Friday, June 8, 2012

Will 'Slutty Wednesday' Become the New Norm?

We can only hope...

Stuyvesant HS students hold 'Slutty Wednesday' to protest school’s strict dress code policy
Nearly 100 smarties at the city’s top-performing high school bared their bodies in “risque” outfits yesterday to denounce their school’s conservative dress code — which bans the exposure of shoulders, midriffs, lower backs, bras and undies.

Stuyvesant HS students held the so-called “Slutty Wednesday” protest after girls got fed up with being told throughout the year that their short skirts and sleeveless tops made them more fit for a club dance floor than for a seat at the best public school in town.
What, no shoulder, midriffs, lower back or underwear?  What is this, Sharia?

Boys in tank tops complained that the administration’s apparent emphasis on keeping the girls well-covered was not only biased, but it also maligned the guys as horny teens who can’t control themselves when they see too much skin.

Yeah, Boys don't pay attention to that stuff, don't you know?

“We work our asses off here, and school is about learning. Clothing is not important,” said ninth-grader Lucy Greider, who said she has been sent to the office 10 times this school year for showing off too much cleavage, midriff or shoulder.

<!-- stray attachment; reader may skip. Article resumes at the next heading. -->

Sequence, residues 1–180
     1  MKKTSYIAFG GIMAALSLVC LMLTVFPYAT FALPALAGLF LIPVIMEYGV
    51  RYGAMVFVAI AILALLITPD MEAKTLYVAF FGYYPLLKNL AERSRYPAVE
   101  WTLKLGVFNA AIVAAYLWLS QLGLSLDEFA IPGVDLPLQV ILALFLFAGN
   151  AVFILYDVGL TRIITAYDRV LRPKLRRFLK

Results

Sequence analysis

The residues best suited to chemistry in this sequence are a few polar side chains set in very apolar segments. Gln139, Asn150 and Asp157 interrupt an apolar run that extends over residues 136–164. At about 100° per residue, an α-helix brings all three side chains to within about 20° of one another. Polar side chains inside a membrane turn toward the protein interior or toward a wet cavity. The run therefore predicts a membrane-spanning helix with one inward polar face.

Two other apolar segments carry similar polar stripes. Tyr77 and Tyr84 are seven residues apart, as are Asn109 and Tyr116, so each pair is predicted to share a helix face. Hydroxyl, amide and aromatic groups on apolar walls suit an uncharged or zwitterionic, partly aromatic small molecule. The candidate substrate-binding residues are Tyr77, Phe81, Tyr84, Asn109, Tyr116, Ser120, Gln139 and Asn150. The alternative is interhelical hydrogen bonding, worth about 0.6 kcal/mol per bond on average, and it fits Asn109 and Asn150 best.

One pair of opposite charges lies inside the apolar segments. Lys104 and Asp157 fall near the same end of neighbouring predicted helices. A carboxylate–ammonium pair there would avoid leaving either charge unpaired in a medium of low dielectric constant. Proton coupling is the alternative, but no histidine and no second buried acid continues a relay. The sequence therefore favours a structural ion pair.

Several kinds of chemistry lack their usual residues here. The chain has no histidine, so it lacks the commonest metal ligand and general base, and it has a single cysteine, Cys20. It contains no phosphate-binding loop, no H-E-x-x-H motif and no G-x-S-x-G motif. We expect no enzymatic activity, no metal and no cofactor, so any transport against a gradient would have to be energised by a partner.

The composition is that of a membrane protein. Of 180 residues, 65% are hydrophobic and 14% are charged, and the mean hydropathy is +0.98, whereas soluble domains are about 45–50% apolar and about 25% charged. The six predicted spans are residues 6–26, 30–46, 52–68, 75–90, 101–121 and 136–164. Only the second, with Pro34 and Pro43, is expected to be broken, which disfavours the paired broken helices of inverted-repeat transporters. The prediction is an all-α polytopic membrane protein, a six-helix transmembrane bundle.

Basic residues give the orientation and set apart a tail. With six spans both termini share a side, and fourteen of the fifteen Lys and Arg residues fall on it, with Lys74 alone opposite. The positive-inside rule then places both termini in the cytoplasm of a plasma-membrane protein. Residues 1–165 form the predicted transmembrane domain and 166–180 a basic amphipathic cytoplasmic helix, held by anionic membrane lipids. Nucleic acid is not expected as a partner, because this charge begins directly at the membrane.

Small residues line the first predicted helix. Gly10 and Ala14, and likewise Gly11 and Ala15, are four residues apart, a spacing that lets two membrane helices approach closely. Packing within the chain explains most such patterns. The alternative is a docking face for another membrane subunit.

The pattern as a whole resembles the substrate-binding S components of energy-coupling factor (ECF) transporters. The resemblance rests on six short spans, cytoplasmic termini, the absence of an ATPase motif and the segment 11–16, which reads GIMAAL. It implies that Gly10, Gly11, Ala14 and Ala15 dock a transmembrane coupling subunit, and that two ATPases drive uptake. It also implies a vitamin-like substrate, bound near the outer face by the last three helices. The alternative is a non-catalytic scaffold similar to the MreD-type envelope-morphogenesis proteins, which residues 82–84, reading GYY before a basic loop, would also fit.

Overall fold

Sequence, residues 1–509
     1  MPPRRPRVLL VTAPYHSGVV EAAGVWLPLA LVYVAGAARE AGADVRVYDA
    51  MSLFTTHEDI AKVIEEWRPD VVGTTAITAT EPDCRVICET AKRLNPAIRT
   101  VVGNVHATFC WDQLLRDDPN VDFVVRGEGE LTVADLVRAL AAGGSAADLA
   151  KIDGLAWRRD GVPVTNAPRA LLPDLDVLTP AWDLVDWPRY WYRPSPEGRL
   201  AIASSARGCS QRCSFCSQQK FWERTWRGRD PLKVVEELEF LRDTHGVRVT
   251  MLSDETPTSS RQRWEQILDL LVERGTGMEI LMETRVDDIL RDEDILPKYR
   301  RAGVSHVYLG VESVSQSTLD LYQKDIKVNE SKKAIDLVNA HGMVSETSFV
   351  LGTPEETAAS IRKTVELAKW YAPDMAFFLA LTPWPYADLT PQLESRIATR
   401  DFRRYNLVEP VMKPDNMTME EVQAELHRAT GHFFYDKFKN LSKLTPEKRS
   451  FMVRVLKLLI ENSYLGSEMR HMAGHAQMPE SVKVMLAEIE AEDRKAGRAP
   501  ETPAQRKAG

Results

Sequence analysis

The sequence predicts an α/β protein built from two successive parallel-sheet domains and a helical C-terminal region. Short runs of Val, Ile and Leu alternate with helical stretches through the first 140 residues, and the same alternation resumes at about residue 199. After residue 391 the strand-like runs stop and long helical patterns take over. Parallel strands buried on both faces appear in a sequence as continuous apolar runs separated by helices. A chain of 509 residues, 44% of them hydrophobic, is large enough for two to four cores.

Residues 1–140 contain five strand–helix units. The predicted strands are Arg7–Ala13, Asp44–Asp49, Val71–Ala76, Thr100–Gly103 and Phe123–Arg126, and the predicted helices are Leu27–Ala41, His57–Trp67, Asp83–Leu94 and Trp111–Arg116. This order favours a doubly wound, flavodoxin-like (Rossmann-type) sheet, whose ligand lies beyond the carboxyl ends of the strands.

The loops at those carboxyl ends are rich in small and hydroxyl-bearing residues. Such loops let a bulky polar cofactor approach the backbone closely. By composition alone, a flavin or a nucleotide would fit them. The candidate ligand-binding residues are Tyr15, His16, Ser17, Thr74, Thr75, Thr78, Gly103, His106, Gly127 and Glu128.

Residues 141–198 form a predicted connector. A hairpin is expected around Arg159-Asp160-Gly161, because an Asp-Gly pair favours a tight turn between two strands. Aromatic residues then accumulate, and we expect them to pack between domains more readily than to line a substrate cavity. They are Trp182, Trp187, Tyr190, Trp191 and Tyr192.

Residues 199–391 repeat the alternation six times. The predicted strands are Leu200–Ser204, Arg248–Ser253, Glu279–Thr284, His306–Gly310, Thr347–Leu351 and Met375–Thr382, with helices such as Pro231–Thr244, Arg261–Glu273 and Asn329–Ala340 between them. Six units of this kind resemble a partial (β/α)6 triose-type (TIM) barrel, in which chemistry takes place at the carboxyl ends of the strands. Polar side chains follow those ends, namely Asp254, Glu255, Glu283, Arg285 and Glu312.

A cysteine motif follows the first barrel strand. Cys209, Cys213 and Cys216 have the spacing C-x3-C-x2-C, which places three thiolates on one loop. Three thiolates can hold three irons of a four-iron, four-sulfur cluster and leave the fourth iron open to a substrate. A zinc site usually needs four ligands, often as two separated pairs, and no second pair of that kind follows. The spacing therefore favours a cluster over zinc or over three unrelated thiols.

Ten times?  She's a slow learner.  Or very stubborn.  But it's not important to her.

“Sometimes, the teachers will call you out in the hallway, [but] I like what I wear. I want to have my own style in school,” she added. “A lot of the classrooms don’t have a/c’s and when it is 80 degrees outside and it is really hot, it’s perfectly OK to show a little skin.”

The dress code, which was introduced in the fall, bars students from donning tops with text or images in bad taste.
Hey, it's not text!

Bad taste is subjective.  It's like grading on a curve.
Shorts, dresses and skirts are not permitted to end above the fingertips when students extend their arms down at their sides.

Principal Stanley Teitel didn’t respond to an e-mail seeking comment. But he told the student newspaper last year — when the dress code was first under consideration — that the policy was intended to create a better learning environment.
I remember 9th grade, my math teacher Mr. Dinkle (yes really), sending girl after girl to the office for skirts that were "too" short.  His point was to tire the office and make them give up.  It worked.

As always, thanks to Wombat-Socho for including this (and the others) in Rule 5 Sunday "Train in Vain" at The Other McCain.

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